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You would think that the Mulleavy sisters are twins, not the identical kind, perhaps, but there is a conjoined spirit between the two women that makes them seem more than just plain old sisters… a shared kinship that seems to go deeper, and instead of finishing each others sentences you get the sense they finish each others’ handiwork in their atelier. Kate and Laura seem to share the same thoughts, and are intertwined creatively. While most siblings bicker and feud, the Mulleavy sisters are creating some of fashion’s most important work of this century in tandem.

Older sister Kate and younger sister Laura were born to an artist mother and botanist father. The two grew up in Northern California and both landed at UC Berkeley, where Laura majored in literature, Kate in art history. That bright and informed fusion philosophies are part of what make Rodarte stand out as a true breakthrough in garment making.

The brand was officially born in 2005 when the sisters huddled down in their parent’s home in Pasadena, California and birthed their first collection of intricate dresses and coats. Rodarte, the clothing collection, was born from the sister’s interest in nature and art, romance and drama—major themes that make frequent appearances in their work.

Rodarte seemed to storm the fashion world with excitement and intrigue concerning the unlikely sisters and their coveted garments. It seemed like the fabled overnight success was coming true for the duo, which has since won a fan base of powerful editors and celebrities. In 2009, they grabbed the CFDA award for Womenswear Designer of the Year, and their creations have graced the cover of Vogue magazine and they costumed the Oscar-nominated film, Black Swan, directed by Darren Aronofsky.

The Mulleavys recently showed their work at the MOCA in Los Angeles, the first West Coast solo exhibition of their work. They also had their first solo exhibition at the Cooper-Hewitt Museum in New York, and their designs can be found in the permanent collection of the Costume Institute of the Metropolitan Museum of Art.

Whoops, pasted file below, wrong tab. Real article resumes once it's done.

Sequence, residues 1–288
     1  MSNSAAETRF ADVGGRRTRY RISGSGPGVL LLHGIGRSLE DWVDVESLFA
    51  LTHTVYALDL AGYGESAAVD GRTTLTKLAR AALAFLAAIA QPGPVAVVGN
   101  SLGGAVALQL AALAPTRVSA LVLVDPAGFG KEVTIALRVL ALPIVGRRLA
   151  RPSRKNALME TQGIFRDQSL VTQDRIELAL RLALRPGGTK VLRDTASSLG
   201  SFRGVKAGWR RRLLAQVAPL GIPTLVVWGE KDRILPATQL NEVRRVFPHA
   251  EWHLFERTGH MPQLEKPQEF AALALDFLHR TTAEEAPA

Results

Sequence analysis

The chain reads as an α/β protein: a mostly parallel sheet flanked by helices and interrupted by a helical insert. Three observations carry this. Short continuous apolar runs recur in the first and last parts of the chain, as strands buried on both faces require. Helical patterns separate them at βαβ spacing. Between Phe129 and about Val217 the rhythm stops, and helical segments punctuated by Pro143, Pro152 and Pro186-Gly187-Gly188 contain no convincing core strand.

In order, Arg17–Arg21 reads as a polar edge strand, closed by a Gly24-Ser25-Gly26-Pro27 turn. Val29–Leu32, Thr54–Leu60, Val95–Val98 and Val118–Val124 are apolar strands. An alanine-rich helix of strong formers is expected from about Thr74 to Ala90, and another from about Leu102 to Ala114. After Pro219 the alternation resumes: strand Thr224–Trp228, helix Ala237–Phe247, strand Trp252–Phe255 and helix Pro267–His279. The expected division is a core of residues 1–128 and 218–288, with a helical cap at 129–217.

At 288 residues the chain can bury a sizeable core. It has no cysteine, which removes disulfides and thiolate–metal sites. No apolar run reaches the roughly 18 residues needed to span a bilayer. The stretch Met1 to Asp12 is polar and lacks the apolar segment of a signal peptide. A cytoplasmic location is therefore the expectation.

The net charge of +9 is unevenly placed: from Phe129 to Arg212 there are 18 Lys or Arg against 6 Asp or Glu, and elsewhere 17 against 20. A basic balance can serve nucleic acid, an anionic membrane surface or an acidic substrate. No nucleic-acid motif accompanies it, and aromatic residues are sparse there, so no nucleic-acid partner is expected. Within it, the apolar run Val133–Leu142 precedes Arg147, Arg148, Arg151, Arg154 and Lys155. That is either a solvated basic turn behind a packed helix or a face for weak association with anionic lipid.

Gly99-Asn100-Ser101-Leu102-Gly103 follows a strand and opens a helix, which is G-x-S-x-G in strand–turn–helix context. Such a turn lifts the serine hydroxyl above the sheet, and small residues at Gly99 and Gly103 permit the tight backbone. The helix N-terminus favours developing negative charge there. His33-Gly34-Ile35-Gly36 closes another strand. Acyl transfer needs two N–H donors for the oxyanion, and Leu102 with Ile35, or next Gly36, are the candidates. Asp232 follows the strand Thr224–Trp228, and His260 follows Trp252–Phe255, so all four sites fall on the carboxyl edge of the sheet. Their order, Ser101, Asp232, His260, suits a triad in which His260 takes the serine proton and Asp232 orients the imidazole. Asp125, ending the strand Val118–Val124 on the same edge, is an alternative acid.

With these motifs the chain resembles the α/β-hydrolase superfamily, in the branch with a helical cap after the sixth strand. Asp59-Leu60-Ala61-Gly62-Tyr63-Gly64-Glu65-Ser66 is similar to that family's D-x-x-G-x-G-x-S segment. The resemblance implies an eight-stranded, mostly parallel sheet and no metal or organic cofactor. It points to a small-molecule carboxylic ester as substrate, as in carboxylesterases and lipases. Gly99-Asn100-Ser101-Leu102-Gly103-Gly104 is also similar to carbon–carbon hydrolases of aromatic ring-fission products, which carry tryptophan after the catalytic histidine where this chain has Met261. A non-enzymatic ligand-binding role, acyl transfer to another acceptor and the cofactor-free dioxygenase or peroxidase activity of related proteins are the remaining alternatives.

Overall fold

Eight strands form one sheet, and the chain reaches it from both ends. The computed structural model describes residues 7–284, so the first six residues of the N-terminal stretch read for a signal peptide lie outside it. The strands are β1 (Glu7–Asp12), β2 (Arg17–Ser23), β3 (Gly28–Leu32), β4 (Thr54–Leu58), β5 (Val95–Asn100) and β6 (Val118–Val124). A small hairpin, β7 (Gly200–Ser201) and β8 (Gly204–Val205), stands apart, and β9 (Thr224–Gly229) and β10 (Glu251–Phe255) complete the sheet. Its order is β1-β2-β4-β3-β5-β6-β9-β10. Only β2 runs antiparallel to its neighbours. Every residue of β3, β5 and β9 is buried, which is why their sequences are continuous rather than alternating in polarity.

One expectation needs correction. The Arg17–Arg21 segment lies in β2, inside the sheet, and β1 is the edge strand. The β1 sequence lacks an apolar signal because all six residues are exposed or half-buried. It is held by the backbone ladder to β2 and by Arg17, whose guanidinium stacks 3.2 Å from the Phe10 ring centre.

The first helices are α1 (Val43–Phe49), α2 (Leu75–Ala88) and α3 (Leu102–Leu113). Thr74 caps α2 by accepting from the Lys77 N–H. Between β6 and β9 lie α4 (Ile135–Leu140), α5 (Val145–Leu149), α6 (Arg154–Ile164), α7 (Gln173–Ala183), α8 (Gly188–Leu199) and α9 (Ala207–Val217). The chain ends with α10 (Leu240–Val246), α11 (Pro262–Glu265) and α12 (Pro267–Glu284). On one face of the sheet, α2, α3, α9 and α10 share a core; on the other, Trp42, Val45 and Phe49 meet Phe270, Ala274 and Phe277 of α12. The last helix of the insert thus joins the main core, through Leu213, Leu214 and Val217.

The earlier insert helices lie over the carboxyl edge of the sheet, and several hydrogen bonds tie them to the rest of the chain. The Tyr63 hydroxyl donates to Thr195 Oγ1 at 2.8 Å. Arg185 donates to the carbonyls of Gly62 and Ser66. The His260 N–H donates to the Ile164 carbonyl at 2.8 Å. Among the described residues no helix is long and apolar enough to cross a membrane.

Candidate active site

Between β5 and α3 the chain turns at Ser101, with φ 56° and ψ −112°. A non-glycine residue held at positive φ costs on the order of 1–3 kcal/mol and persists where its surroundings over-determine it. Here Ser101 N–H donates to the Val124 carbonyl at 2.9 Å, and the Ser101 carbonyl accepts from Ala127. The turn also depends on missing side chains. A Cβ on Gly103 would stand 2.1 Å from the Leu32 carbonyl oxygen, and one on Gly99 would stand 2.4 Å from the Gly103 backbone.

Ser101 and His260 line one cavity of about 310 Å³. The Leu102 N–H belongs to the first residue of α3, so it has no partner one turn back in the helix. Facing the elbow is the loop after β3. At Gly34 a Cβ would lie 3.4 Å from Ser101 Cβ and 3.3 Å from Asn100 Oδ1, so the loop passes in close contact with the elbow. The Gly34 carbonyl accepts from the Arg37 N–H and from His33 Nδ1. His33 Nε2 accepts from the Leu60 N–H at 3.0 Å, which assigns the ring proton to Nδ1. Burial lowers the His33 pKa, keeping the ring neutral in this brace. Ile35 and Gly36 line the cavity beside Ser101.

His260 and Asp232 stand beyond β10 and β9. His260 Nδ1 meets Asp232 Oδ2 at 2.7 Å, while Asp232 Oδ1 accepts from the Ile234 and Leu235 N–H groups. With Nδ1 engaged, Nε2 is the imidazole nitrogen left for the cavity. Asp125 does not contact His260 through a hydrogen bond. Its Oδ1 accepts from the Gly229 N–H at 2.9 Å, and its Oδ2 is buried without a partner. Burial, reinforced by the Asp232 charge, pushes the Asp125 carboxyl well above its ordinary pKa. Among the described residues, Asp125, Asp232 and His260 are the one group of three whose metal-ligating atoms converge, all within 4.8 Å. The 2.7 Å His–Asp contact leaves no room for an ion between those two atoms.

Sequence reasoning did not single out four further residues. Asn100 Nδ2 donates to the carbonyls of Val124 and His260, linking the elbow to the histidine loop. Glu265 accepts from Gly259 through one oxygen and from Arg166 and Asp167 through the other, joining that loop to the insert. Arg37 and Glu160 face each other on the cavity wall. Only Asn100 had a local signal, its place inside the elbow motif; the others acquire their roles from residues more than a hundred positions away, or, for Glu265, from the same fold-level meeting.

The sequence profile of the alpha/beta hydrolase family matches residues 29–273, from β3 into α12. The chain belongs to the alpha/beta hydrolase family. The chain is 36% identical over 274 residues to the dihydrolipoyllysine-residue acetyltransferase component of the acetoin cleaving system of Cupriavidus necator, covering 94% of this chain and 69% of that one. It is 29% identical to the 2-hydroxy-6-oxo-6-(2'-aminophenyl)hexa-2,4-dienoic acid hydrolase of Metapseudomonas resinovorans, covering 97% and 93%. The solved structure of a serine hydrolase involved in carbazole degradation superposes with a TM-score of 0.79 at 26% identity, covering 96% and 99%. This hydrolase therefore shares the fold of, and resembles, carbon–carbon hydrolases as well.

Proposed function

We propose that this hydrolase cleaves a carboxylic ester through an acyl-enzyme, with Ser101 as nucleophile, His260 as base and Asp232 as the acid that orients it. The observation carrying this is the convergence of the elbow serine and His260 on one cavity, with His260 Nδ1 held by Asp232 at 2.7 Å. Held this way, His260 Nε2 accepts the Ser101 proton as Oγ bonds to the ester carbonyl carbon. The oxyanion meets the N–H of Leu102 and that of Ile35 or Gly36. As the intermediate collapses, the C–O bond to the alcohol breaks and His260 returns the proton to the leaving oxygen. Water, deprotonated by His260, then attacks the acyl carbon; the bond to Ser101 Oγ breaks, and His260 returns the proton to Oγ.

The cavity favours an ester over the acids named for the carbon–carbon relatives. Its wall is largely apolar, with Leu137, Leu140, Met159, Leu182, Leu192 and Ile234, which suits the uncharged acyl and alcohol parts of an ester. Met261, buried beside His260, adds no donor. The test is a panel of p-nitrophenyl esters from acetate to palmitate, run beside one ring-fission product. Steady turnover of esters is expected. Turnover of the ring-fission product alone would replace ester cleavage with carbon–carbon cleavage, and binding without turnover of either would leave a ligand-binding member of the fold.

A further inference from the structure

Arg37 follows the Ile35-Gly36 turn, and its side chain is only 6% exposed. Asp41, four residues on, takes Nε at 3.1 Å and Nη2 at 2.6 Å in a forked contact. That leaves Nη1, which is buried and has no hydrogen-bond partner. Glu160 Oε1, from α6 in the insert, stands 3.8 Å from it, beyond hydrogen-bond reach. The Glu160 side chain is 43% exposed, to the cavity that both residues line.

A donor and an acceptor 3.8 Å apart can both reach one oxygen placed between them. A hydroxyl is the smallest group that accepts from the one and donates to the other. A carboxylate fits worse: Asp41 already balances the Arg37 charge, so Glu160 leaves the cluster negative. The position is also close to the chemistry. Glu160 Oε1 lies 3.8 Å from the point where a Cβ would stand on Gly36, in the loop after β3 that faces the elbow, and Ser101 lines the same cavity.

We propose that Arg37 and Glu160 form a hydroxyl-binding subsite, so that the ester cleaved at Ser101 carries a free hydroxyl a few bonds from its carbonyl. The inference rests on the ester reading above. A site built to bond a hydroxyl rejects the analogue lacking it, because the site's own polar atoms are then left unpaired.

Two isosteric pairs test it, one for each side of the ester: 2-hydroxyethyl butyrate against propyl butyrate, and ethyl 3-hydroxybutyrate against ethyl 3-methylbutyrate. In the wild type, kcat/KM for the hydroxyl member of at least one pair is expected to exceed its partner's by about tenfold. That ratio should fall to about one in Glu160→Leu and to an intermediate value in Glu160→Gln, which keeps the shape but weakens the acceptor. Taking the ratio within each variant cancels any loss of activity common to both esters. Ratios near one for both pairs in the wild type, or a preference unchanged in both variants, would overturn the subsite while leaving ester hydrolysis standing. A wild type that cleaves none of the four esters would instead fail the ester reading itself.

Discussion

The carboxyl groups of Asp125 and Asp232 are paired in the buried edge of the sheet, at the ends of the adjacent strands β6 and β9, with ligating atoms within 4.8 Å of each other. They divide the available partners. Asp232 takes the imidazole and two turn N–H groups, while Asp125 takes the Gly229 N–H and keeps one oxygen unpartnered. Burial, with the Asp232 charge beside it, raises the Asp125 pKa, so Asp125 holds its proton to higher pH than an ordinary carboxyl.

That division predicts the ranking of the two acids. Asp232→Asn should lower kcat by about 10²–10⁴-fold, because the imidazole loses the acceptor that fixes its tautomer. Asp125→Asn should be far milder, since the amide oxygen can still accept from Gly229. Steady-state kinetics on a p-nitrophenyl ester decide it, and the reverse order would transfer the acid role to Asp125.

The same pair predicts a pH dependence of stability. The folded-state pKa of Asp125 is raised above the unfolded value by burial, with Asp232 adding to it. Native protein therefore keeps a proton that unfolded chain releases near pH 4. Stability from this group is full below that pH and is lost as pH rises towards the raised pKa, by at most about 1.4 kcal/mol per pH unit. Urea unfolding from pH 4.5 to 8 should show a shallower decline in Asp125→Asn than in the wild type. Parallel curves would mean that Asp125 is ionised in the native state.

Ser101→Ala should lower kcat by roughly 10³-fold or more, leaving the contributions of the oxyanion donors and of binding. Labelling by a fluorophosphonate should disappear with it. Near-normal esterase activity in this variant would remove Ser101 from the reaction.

Renowned for its expressive use of textiles, Rodarte creates unusual works through a highly elaborate and intensive reconstruction of materials. Their fabrics are often subjected to unusual methods like dying, stretching, staining, and burning before being sewn into ready-to-wear. Materials are woven, knitted, or layered together, and eclectic mixes of plaid scraps, vinyl, cheesecloth, wool, cobweb, Swarovski crystals, macramé, leather, and more are employed for the final products.

Rodarte’s designs are inspired by themes rarely approached in fashion: the California condor, local landscapes, Japanese horror films, and Frankenstein have all been wellsprings for the unique fashions created by the sisters. It could well be said that Rodarte’s clothes are truly handmade pieces of art: singular sculptural objects.

For a generation accustomed to consuming trenddriven fashion that is mass produced and cheaply made, the Rodarte sisters are even more important as new leaders in fashion. Their distinct voice can mentor and inspire new designers to be unafraid of intelligent themes and to delve into their craft with gusto. They are redefining women’s style in an era hell bent on grandiose notions of glamour and overt sex appeal. Using the body as a vessel for a creative works of art forces designers to move closer to their craft and to delve into its art for the sake of the art not merely for the pursuit of salability. MOCA Director Jeffrey Deitch said, “The Mulleavy’s work transcends traditional fashion concepts and redefines the purpose of garment design.”

Shine on you crazy Mulleavy diamonds!


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